[People attempting to shop at a supermarket, which has been modified for zero-g by people who clearly had no idea what they were doing.]
. . . and some of us even attempt to understand things . . .
[Two floating people, anchoring themselves by holding onto a workbench.  Said workbench has clearly alien/future/{otherwise unlike what we know} technology strapped to it.]

One Person: "I'm telling you, if we hook the doohicky into the thingamajig--"

The Other: "Then the whole thing will explode!"

One Person: "Don't be so dramatic.  The worst that would happen is we'd void our warranty."

The Other: "We don't have a warranty,"

One Person: "Then everything's fine."
. . . but answers are kind of hard to come by . . .
"It was hard enough figuring out how high up the sky is, now you want to know what it's made of‽"
. . . and no one really knows what to do . . .
Public figure: "Provided we all stay calm--"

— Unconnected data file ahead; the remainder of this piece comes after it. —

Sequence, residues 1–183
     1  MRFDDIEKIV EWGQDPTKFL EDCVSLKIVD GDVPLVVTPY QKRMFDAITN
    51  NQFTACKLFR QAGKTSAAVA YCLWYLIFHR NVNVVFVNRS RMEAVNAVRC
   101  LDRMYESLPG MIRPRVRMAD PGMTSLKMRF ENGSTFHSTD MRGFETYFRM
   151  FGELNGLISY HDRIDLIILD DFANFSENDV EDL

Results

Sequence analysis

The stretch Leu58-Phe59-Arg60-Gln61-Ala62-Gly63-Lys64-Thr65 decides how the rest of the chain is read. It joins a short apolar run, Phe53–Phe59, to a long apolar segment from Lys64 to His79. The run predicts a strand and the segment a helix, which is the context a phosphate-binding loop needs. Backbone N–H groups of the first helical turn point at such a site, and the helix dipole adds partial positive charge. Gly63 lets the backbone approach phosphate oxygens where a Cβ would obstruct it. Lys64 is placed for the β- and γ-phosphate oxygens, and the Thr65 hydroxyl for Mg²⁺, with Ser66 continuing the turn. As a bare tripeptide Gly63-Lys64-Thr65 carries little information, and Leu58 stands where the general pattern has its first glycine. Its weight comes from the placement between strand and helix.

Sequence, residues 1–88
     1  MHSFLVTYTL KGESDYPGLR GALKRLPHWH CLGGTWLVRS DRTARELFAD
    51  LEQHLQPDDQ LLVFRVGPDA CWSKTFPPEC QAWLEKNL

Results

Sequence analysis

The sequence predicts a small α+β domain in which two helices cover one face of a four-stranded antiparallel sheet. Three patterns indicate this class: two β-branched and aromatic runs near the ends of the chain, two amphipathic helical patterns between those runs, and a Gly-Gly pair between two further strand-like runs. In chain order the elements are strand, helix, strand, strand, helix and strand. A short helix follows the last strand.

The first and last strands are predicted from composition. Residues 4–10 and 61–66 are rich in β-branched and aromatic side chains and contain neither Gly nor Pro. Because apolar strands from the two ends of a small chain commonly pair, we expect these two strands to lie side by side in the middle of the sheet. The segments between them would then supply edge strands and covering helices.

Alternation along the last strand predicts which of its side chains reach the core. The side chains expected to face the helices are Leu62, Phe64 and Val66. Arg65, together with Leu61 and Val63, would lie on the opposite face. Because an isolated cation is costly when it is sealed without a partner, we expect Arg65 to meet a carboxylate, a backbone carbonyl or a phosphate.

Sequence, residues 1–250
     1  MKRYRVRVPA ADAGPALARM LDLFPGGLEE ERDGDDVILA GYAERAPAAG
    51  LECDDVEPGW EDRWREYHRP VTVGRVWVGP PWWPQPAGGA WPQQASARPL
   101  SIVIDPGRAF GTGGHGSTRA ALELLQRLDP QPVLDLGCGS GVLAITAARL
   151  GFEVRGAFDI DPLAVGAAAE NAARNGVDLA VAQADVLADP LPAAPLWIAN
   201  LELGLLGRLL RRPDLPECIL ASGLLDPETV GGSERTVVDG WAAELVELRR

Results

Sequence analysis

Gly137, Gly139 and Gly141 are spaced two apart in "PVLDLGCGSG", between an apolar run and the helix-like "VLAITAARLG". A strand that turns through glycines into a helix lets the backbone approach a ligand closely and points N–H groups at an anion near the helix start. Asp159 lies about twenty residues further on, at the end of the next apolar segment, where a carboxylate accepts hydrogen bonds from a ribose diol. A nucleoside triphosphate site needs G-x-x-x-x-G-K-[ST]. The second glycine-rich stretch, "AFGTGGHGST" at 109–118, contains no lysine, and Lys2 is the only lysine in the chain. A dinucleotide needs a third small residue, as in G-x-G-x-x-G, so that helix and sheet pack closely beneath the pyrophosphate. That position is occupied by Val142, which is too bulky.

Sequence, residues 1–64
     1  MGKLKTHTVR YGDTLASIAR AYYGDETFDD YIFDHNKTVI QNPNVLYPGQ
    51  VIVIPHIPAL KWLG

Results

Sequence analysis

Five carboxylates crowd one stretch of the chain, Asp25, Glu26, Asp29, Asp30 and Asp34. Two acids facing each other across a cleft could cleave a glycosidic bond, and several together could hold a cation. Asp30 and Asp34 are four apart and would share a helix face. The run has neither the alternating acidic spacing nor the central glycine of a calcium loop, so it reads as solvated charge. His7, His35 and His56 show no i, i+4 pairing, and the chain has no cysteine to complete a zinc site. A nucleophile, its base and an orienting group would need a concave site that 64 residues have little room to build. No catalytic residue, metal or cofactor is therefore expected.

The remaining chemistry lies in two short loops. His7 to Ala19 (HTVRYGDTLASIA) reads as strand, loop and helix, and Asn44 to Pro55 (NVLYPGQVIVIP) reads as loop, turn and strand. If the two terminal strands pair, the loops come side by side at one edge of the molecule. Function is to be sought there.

Random Heckler: "No one will notice you don't have a plan!"
. . . so any ideas at all, no matter how ill conceived . . .
Leader of a ragtag group: "We'll just steal some construction equipment and drill a hole in the . . . the . . ."

Member of group: "Sky/bedrock/wall/thing."

Leader: "Yeah, that."
. . . are kind of welcome . . .
[Narrator is on screen for the first time, and is talking to members of the rag tag group]

Narrator: "I just want you to know that I'm only doing this--"

Member of group: "--because you're bored and have nothing better to do, we know."

Narrator: "Look, I just want it to be on-record that I think this is a stupid idea that has no chance of working."

Member of group: "When we appoint a scribe, making that record will be the first thing we have them do; let's get on with it."
. . . given the lack of clear alternatives.
[Explosion rips a hole in what looks like reality itself, but clearly has to be the wall around the enclosure.]
Which is more or less where we find ourselves.
[Quick shots of gameplay involving human-powered movement through zero gravity in various environments.]

[Lots of the zero-g equivalent of running (toward, from, between), possible non-euclidean geometry (not sure on that one), and a distinct lack of combat.]


⁂   ⁂